The G-kids teach me about communication

wedding, rod white, gwen white, fun, photo booth
The wedding had a photo booth. Is this picture worth a thousand words? (If not I have three more to try).

A whole day with a two-year-old and a five-year-old (including six hours in a van!) can be very educational. Naturally, I was educated about Circle of Hope. Our church is thinking through so many important things these days as we amp up for the future, that my mind is swimming with educable moments. One of the things the boys were teaching me is about communication.

Communication is key to connection, which is something every child wants and against which every child rebels—and that sounds just like Circle of Hope.

Theo is a babbling two-year-old. Completely cute and, if you have not learned his language (like Oliver has), almost completely incomprehensible (although I can always hear, for some reason, anything that sounds like “Papa”!). He made me think that we, as a church, are a lot like him. We’re like toddlers who are just getting language, but we don’t know how to use it that well. But we do a lot of talking: this website, the Way of Jesus site, at the Sunday Meetings, in circles of cells, blogs, the email lists. What is all this babbling about? Love. We want to connect. And, as Theo knows, connecting is not that easy.

Oliver, on the other hand, is an articulate five-year-old. He can recite the strangest factoids from the Discovery Channel—his father Googles his teaching to verify it! But at one point while we were waiting for the wedding ceremony to begin, I sent him on a mission to go around a nearby tree and come back (and use some energy he was saving up for a ceremony outburst!). He went to the tree and went around, around, and kept going around. Finally I shouted in a whisper voice, “You need to come back. They are going to start!” He looked at me as he was going around. Finally, to the amusement of the gathered guests, I got up and retrieved him. He also reminded me of Circle of Hope. There are plenty of us looking at each other, and at the “official” communication devices, and blankly ignoring them for a moment of differentiation, or just power grabbing. Who knows why we disconnect in plain sight like we do?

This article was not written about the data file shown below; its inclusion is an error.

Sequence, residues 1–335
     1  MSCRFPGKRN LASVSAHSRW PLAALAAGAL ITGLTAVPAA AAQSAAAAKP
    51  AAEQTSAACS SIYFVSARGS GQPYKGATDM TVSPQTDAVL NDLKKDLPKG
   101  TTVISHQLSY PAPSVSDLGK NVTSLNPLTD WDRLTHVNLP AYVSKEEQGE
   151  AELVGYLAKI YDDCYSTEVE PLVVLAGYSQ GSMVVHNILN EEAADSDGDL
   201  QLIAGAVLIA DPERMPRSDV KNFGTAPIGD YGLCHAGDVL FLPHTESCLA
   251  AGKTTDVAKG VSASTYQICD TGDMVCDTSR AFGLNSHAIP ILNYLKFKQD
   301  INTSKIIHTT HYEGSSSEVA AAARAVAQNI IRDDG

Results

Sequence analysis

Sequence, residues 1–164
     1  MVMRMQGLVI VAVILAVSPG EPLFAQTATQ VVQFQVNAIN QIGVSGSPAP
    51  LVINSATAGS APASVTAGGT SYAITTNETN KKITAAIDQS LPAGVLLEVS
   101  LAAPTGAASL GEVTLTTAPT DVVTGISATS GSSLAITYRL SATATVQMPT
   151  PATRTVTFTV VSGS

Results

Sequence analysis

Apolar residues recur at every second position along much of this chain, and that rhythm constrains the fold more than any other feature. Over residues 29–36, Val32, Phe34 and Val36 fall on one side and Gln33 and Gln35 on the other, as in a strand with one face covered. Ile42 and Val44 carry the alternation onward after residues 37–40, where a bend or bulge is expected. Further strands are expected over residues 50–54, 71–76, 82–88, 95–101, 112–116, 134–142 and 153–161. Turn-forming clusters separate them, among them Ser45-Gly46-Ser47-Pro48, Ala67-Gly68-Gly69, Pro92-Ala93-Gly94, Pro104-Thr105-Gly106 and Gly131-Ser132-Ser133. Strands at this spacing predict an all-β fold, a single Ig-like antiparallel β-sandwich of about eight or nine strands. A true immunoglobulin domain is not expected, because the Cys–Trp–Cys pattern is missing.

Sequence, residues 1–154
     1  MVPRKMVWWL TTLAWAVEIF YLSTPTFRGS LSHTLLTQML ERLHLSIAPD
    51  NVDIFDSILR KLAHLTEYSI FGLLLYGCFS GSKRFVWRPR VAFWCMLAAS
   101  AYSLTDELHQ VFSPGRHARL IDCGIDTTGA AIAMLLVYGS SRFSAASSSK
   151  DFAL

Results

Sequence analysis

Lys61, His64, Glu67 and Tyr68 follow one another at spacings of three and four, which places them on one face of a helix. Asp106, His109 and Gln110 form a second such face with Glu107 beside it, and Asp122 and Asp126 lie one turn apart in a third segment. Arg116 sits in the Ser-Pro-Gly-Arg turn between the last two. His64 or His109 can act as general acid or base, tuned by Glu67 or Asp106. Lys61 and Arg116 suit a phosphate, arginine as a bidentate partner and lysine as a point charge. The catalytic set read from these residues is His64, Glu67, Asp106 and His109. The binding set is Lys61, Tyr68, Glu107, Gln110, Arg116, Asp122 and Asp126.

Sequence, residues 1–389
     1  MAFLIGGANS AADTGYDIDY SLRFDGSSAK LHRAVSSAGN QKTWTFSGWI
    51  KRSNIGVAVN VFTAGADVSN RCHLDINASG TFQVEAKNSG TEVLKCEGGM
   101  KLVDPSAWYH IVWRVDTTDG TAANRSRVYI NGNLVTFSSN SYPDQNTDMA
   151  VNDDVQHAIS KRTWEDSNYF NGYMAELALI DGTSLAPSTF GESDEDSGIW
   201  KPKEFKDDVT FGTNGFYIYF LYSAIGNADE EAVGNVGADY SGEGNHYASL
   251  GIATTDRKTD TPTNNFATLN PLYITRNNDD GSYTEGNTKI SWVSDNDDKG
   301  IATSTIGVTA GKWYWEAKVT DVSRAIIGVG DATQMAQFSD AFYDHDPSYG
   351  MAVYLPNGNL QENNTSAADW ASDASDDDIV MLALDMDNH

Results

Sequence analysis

kids, child, children at marlton pike, circle of hope
Regulars at Marlton Pike attend a wedding

We’re like a big kid, this Circle of Hope. Some of us can’t wait to connect and are really trying to get heard, even frustrated when we are not understood. Some of us feel talked to quite enough and feel very sure of our place, even if we ignore the latest attempts to get in touch with us. We’re Theo connecting and Oliver ignoring every day. It was still a happy dayand Circle of Hope is pretty happy, too.

Last week we thought about hiring the Communication Director we put in our previous map. If we ever have the right person and have enough money that will be great. Because communication is key to love and we all need help with it. If that person ever gets hired, I guess they will be like me in this little picture I have been drawing. They’ll be the loving parent figure who is full of love and hope—hope that we’ll talk, hope that people will hear, hope that you’ll feel listened to, hope that you’ll be found when you are moving into some independence but still staying in earshot.

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